Right-wing activist James O’Keefe targets Middlebury and free speech

MIDDLEBURY — This past winter ended with a visit to the Middlebury College campus from author and conservative idol Charles Murray that ended in Murray and two college officials being jostled by a group of protesters sending Professor Alison Stanger to the emergency room.
This winter could start with a visit to town of an even more polarizing figure.
Middlebury College students and staff received an email, possibly sent from a MailChimp account, alerting them to an appearance in town this Thursday, Nov. 30, of right-wing provocateur James O’Keefe. The emailed flyer describes O’Keefe as “renowned conservative activist” and says he will be addressing “Middlebury’s Free Speech Problem.” The appearance is scheduled for 7 p.m. at the Courtyard by Marriott.
O’Keefe is founder of “Project Veritas,” an activist organization that produces stories and videos that are created to look like journalism but which follows none of the ethical guidelines that journalists follow.
Just this week, The Washington Post published a story that showed how a woman under the direction of O’Keefe’s Project Veritas had tried to trick the Post into writing an erroneous story. The Post said that Jaime Phillips approached the newspaper and told a story of how Republican Senate candidate Roy Moore of Alabama had impregnated her as a teenager, which resulted in an abortion. The reporters checked out Phillips story and determined it was untrue. When confronted, she told the Post that she was not working for any organization that targets journalists, but on Monday Post reporters saw her walking into the offices of Project Veritas, the Post reported.
The Post published the first stories about several women who said Moore had tried to date them when they were teenagers as young as 14 and he was in his 30s. Many nationally prominent Republicans have said they believe the women and urged Moore to withdraw from the Senate race.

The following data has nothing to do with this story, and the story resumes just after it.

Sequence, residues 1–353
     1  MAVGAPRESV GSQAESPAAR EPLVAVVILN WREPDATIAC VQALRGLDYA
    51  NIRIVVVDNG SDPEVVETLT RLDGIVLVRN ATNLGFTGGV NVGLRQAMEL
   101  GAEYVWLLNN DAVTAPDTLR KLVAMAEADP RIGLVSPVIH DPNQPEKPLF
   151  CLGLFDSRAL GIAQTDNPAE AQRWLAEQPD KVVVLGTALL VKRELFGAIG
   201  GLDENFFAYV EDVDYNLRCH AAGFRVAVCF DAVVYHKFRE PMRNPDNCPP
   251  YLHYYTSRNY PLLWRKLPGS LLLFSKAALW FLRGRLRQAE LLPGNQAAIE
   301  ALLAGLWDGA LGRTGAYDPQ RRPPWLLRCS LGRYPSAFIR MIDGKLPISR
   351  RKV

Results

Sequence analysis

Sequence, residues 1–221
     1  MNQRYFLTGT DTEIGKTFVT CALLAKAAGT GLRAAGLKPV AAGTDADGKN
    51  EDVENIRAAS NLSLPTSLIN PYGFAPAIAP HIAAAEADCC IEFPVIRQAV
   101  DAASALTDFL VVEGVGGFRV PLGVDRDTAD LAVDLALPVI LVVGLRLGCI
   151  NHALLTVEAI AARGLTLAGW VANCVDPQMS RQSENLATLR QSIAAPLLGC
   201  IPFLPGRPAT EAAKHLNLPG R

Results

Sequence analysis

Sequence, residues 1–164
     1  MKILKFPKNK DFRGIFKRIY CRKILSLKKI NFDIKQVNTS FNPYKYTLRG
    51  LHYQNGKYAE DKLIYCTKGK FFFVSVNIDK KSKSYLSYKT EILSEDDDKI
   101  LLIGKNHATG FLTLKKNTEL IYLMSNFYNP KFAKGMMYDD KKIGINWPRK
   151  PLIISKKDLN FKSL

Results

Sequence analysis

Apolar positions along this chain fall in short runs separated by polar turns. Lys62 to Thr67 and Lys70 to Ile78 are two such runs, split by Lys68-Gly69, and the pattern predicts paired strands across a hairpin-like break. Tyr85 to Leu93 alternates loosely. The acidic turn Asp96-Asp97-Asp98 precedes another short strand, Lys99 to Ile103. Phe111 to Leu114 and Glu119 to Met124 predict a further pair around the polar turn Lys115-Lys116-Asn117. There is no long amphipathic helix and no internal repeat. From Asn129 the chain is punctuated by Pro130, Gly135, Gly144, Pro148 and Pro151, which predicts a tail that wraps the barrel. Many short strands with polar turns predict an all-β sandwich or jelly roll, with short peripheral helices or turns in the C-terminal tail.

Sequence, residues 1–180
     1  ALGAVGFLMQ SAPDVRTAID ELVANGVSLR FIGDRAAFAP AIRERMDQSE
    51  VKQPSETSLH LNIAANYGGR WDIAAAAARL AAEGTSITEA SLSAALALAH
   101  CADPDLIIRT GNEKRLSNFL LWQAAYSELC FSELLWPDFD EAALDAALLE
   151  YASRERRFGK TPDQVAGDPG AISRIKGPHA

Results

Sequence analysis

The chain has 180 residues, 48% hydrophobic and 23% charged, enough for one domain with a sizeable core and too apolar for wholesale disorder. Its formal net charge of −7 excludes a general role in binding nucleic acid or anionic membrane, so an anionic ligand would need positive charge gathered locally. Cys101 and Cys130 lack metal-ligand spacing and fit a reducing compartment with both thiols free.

O’Keefe refused to answer questions from the Post about his involvement with Phillips or Moore.
On Monday night O’Keefe shared a video that his organization had made surreptitiously at the Post.
College officials quickly let it be known that the institution was in no way connected to O’Keefe’s visit to town.
“Middlebury College has nothing to do with this event. Mr. O’Keefe has chosen to travel to town to pursue his own political and personal agenda,” VP of Marketing Bill Burger said in an email to the community Tuesday evening, according to a story by the Middlebury Campus newspaper.
The Campus also reported that the college’s American Enterprise Institute club, which had sponsored Charles Murray’s visit to campus, did not support O’Keefe’s appearance and said that it was “likely an attempt to embarrass students.”
O’Keefe’s mass email to the college community said his appearance in town was “hosted by The Preservation Society, a group of Middlebury students committed to bringing freedom of speech back to Middlebury College.”
There is no group on campus called The Preservation Society, but The Campus newspaper reported that such a group is possibly being founded and will formally ask for recognition after the holidays.

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